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Greece gets a former ECB banker as PM to implement the Euro rescue package

Friday, November 11th 2011 - 08:09 UTC
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Lucas Papademos, the Euro zone ‘a guarantee for monetary stability’ Lucas Papademos, the Euro zone ‘a guarantee for monetary stability’

Greece named banker Lucas Papademos as head of a new crisis government on Thursday, ending the country's chaotic search for a leader to save it from default, bankruptcy and expulsion from the Euro zone.

A solemn Papademos called on Greeks to unite behind him after months of divisive politicking, as he sets about securing a bailout from the European Union that will impose yet more hardship on a nation already suffering soaring unemployment.

“The choices we make will be decisive for the Greek people. The path will not be easy but I am convinced the problems will be resolved faster and at a smaller cost if there is unity, understanding and prudence,” Papademos said as he emerged from the coalition talks brokered by President Karolos Papoulias.

In a week when other European leaders started to openly question Athens' membership of the 17-currency bloc, the former European Central Bank vice-president stressed Greece's commitment to the Euro.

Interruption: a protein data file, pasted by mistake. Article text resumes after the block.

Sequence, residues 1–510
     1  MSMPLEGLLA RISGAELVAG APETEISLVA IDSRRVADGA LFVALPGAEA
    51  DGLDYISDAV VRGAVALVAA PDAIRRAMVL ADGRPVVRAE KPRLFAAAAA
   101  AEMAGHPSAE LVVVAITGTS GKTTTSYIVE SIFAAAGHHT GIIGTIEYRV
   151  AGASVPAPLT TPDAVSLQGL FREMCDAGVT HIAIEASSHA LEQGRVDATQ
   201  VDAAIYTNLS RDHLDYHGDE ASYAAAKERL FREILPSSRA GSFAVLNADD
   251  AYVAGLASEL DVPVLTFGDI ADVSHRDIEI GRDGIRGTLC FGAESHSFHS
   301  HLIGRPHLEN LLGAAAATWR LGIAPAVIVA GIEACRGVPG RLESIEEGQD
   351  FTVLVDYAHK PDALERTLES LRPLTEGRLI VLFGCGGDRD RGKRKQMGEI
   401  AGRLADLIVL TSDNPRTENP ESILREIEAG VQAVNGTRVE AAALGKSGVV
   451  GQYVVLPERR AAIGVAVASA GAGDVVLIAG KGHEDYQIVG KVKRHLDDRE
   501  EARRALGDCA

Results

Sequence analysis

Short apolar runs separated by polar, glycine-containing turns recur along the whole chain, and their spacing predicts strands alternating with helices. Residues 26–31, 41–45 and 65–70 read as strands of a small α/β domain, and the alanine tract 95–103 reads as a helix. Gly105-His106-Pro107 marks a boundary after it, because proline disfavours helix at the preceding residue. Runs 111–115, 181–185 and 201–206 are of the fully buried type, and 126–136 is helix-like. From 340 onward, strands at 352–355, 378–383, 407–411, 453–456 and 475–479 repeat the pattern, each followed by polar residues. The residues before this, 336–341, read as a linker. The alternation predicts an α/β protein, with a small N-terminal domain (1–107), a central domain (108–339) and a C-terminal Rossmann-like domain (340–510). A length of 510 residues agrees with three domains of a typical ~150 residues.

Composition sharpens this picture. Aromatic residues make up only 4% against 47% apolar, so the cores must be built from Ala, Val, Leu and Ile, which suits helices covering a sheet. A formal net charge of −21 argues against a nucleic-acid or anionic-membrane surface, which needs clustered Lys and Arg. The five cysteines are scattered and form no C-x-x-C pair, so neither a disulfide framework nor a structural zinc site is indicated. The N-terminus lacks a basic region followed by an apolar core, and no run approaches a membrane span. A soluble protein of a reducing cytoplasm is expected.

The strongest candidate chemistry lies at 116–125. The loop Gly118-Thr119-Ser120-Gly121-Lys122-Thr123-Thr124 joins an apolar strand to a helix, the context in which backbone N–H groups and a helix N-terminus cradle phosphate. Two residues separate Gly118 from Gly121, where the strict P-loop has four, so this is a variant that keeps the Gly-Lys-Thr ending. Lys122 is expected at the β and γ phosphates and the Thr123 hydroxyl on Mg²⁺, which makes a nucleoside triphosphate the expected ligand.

“I am convinced that the country's participation in the Euro zone is a guarantee for monetary stability,” he said after meeting outgoing Prime Minister George Papandreou and the conservative opposition.

Papademos was left mulling the formation of a coalition government alone in his new prime ministerial office on Thursday night after talks ended with no indication of who the new cabinet would include.

Sources in both parties said Evangelos Venizelos was likely to remain as finance minister when Papoulias swears in the new cabinet, scheduled for midday Friday.

The EU two top officials, now facing a similar political crisis in “too big to fail” Italy welcomed news that Papademos had been named prime minister.

“We reiterate that our European institutions will continue to do everything within their power to help Greece. But Greece must also do everything within its power to help itself,” European Commission President Jose Manuel Barroso and Herman Van Rompuy, European Council President, said in a joint statement.

Papademos, a respected figure in European capitals and on financial markets, said the coalition had the specific task of implementing a 130-billion-Euro bailout deal with the Euro zone before calling an early election.

The 64-year-old cuts a grey and uncharismatic figure in the colourful and chaotic world of Greek politics, but Papademos also has a reputation for being calm at a time when the nation is clamouring for stability.

Political leaders had agreed the coalition should govern only until elections pencilled in for Feb. 19, but Papademos signalled he would not necessarily be bound by the date if work remained to be done.
 

Categories: Economy, International.

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